In a recent decision of the Gauteng North High Court in a purported Pie eviction, it was held that the application was fatal due to non-joinder of interested parties. The decision is unreported. The facts, and the merits have relevance for other reasons as well. These are as follows :
Mr Grobler, a farmer in the Ermelo district, bought land which he leased for farming purposes. The Applicants alleged that the sale and subsequent lease agreements had prescribed and lodged an application in terms of the Pie Act for the eviction of mr Grobler from the land. The transfer of the land took 4 years which is due to the fact that various interested parties (the seller comprises various individuals who are parties to a fideicommissum) passed away along the line. Each time new transfer documents had to be drawn and the appointment of executors caused delays. We argued that nothing turns on the defence of prescription, for various reasons, not relevant here.
It was also argued (much to my amasement) that the former seller of the land who had bought the land in terms of a valid deed of sale, could not sell the land to mr Grobler because “only an owner can sell property”. This is obviously not the case. The same principle as in the case of the right of a lessor to let, applies : the lessor or seller need not have title; the only requirement is that he or she must be able to give vacua possessio. You can sell the Eiffel Tower! The principle is so trite that it baffles the brain how experienced practitioners still get it wrong. This is how trite it is : see Grotius 3.19.5 and Van der Keessel’s note thereon (Praelectiones vol 5 p 21); Voet Commentarius 19.2.3; Pothier par 20; Frye’s (Pty) Ltd v Ries 1957 3 SA 575 (A) 581.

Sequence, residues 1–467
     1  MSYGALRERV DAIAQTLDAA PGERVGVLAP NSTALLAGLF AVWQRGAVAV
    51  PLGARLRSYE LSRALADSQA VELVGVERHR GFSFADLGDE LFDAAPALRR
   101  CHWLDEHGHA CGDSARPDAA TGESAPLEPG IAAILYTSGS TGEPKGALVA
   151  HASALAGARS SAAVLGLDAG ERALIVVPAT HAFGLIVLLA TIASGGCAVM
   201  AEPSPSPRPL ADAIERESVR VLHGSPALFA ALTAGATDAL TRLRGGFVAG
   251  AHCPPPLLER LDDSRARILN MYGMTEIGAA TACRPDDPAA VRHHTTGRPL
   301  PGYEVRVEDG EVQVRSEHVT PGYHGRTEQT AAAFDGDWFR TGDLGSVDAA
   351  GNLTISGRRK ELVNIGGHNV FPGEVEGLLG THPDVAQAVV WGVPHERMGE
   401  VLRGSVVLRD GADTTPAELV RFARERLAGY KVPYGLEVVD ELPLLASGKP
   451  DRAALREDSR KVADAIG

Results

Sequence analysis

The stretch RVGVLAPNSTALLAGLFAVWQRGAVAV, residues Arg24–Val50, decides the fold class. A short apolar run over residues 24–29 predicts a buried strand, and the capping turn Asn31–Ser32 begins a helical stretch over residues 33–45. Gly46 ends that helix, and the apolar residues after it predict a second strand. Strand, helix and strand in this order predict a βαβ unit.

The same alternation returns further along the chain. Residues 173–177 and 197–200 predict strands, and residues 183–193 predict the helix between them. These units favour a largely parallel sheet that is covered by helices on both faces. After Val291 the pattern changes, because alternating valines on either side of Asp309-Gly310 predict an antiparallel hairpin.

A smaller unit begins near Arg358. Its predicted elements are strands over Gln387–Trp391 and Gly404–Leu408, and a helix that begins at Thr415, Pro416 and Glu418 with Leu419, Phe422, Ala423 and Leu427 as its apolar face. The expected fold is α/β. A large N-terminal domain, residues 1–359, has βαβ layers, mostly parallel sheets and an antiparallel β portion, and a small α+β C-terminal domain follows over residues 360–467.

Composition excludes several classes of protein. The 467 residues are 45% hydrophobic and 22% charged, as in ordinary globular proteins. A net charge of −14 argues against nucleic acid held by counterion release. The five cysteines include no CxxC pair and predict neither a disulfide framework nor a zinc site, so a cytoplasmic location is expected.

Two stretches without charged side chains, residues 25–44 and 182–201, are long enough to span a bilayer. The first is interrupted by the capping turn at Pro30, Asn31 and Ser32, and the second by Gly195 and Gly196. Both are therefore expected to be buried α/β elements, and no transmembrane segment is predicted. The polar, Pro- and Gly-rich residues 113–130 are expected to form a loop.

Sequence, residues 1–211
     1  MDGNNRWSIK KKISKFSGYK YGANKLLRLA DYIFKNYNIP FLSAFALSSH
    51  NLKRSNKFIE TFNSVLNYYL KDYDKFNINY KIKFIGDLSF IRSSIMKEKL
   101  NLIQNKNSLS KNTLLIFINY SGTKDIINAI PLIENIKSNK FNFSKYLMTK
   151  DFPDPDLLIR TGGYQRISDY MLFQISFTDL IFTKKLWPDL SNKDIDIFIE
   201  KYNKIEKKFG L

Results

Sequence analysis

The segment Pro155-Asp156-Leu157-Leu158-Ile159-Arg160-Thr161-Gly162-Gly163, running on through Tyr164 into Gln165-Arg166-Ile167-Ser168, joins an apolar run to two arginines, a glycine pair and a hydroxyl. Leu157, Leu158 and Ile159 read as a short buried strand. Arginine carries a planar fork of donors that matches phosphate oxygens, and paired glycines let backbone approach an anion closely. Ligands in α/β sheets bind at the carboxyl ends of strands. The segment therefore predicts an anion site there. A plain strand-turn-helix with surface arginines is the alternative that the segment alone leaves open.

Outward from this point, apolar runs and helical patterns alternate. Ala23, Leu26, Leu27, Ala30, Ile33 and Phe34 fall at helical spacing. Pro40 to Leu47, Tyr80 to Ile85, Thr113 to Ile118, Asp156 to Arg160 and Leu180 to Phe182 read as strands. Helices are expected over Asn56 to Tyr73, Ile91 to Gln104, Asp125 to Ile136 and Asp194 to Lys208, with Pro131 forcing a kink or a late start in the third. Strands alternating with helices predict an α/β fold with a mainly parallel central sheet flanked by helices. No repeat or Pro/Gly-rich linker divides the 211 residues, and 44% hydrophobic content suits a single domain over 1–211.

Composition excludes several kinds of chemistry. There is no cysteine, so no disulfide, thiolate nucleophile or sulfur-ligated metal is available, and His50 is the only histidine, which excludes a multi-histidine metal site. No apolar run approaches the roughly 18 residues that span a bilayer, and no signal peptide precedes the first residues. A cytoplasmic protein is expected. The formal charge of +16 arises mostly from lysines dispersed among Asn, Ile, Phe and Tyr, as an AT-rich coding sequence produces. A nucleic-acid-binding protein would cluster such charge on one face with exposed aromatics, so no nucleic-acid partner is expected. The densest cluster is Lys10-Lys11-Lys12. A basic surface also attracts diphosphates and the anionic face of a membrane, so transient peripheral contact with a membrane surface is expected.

Two parties were not joined, the reason being that they “could not be found” and in any event “would not understand the documents”. The court held that these arguments are unfounded. An interested party must be joined. Failure to do so is fatal. The application was accordingly dismissed on that basis and the merits were not dealt with.
The Applicants also argued that the Pie Act applied. We are of the respectful view that the application was also fatally flawed on this basis as mr Grobler (Respondent) does not and never has resided on the land in question. The Pie Act is limited to evictions from residential property or land utilized for residential purposes. See Ndlovo’s matter 2003(1) 113(SCA). Practitioners should acquaint themselves with the basic principles underlying Pie because failure to do so can result in grave consequences for clients of which wasted costs are not the least.